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Wednesday, May 17, 2017

She Wore A Yellow Ribbon (1949)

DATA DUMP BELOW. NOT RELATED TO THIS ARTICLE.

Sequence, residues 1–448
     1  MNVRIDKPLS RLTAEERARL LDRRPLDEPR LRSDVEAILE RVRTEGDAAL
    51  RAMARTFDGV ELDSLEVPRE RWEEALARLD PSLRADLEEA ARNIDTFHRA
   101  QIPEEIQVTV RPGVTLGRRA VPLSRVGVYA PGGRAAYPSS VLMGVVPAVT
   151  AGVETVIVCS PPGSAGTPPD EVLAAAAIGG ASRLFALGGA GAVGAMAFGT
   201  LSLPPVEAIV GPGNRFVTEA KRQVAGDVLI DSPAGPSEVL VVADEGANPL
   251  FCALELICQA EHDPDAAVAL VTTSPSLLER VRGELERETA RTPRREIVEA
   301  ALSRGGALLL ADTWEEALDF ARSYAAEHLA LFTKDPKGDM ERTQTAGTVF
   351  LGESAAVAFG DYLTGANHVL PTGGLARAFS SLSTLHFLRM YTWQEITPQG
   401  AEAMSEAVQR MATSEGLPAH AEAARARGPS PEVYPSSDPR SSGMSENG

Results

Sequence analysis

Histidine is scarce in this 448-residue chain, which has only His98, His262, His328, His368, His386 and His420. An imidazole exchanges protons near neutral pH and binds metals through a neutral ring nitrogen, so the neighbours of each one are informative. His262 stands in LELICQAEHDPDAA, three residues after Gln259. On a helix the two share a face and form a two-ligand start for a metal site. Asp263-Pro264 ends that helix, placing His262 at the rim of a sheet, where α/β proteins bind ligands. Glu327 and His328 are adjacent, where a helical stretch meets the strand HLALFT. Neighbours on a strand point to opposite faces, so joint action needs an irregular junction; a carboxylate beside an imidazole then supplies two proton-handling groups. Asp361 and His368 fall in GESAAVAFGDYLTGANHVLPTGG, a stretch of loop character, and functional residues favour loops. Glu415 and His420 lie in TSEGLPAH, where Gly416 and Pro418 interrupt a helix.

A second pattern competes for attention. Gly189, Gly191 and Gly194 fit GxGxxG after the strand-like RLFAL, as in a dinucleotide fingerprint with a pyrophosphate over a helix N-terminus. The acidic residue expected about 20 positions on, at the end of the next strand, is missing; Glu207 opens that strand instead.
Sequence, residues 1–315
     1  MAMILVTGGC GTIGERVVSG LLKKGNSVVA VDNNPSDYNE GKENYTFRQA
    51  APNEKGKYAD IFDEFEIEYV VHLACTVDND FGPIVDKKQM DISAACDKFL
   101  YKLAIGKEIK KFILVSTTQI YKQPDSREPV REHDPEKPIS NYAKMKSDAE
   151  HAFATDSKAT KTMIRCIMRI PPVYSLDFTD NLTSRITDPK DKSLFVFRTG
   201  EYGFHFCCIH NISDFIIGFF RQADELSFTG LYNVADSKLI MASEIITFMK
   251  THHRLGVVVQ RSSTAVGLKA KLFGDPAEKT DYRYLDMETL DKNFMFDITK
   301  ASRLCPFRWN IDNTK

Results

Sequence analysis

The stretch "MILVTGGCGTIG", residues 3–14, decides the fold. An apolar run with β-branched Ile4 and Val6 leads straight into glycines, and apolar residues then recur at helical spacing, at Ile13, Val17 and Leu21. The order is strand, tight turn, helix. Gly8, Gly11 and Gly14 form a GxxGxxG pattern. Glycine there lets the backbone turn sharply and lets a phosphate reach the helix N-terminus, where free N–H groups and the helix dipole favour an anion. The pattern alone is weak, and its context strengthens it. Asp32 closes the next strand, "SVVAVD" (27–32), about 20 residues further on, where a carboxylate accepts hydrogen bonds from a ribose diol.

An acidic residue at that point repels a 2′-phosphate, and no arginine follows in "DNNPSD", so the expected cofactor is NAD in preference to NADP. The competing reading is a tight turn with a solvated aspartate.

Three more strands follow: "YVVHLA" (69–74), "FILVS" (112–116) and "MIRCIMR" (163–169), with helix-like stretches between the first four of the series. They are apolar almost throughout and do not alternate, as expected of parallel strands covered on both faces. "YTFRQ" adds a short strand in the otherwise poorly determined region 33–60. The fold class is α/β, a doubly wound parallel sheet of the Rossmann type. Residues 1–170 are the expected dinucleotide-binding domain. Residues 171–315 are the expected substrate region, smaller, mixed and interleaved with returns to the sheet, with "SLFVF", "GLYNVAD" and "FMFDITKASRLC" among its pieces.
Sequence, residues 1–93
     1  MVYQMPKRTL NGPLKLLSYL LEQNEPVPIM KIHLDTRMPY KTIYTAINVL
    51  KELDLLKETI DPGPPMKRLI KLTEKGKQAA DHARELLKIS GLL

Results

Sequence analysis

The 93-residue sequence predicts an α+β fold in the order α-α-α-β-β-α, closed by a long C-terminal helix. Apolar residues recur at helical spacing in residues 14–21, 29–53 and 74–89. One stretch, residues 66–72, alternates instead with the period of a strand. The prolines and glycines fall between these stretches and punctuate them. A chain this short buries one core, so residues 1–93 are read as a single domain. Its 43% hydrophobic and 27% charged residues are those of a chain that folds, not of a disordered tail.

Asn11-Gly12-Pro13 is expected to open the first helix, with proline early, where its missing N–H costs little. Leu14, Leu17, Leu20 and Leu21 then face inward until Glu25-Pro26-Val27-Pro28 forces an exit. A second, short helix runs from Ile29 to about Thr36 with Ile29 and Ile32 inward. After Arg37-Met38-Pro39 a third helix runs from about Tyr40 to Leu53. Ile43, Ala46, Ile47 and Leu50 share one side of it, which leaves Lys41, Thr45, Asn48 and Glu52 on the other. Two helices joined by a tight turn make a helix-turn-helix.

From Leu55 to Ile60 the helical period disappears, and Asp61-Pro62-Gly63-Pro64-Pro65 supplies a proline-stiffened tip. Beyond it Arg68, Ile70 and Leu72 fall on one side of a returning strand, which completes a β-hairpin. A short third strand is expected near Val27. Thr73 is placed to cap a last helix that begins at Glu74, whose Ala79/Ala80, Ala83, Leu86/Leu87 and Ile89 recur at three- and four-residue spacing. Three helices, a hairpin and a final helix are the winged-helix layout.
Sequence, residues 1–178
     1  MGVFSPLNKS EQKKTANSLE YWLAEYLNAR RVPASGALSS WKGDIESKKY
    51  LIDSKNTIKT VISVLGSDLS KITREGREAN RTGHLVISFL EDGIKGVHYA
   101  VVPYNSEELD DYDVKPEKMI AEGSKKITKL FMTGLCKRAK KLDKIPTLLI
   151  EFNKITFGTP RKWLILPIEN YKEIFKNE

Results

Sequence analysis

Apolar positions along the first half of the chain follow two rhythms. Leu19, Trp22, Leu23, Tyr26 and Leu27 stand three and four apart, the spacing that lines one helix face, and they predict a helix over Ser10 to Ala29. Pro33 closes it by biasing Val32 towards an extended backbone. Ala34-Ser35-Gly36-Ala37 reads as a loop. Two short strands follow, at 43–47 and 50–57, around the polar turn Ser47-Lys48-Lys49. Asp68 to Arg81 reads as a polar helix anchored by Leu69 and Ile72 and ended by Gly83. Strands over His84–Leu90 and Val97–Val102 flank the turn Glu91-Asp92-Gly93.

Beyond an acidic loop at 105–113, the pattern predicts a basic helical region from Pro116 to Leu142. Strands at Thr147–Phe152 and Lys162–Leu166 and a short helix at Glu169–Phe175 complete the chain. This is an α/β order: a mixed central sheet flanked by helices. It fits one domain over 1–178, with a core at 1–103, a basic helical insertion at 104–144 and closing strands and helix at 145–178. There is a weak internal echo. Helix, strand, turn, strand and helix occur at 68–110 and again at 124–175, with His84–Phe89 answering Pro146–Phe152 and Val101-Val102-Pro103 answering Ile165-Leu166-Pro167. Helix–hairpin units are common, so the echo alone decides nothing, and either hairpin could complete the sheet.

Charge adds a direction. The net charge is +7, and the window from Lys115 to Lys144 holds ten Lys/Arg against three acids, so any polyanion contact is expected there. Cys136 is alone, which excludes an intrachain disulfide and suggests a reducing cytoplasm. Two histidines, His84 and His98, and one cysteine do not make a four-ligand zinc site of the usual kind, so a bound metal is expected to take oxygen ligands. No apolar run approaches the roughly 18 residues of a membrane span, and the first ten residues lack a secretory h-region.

An aging U.S. Cavalry Captain (John Wayne) is just days away from his retirement. But when word of the defeat of Custer at the battle of Little Big Horn reaches the fort, he is given a final assignment. To deal with a group of Indians who have left their reservations and are grouping together to attack the Fort. Visually, this is one of director John Ford's most beautiful films although he and his cinematographer Winston Hoch clashed several times during the filming. Hoch's compositions and images of Ford's beloved Monument Valley are simply breathtaking in three strip Technicolor and Hoch justifiably won an Oscar for his efforts. The story is simplicity itself (possibly too simple) and the film plays better as a mood piece observing the weight of duty. Although about 20 years too young for his role, this is one of Wayne's best performances, bringing a quiet dignity and strength to his character. The film is severely compromised by several factors however. Richard Hageman's trite score aside, I can't decide who gives the film's worst performance: Victor McLaglen or John Agar. McLaglen overdoes the Irish whimsy bit and when he enters a saloon as an Irish jig plays on the soundtrack, I groaned, "Oh no, not a barroom brawl!" and sure enough, it happens. Agar is astonishingly bad! With Joanne Dru, Mildred Natwick, Ben Johnson and Harry Carey Jr. 

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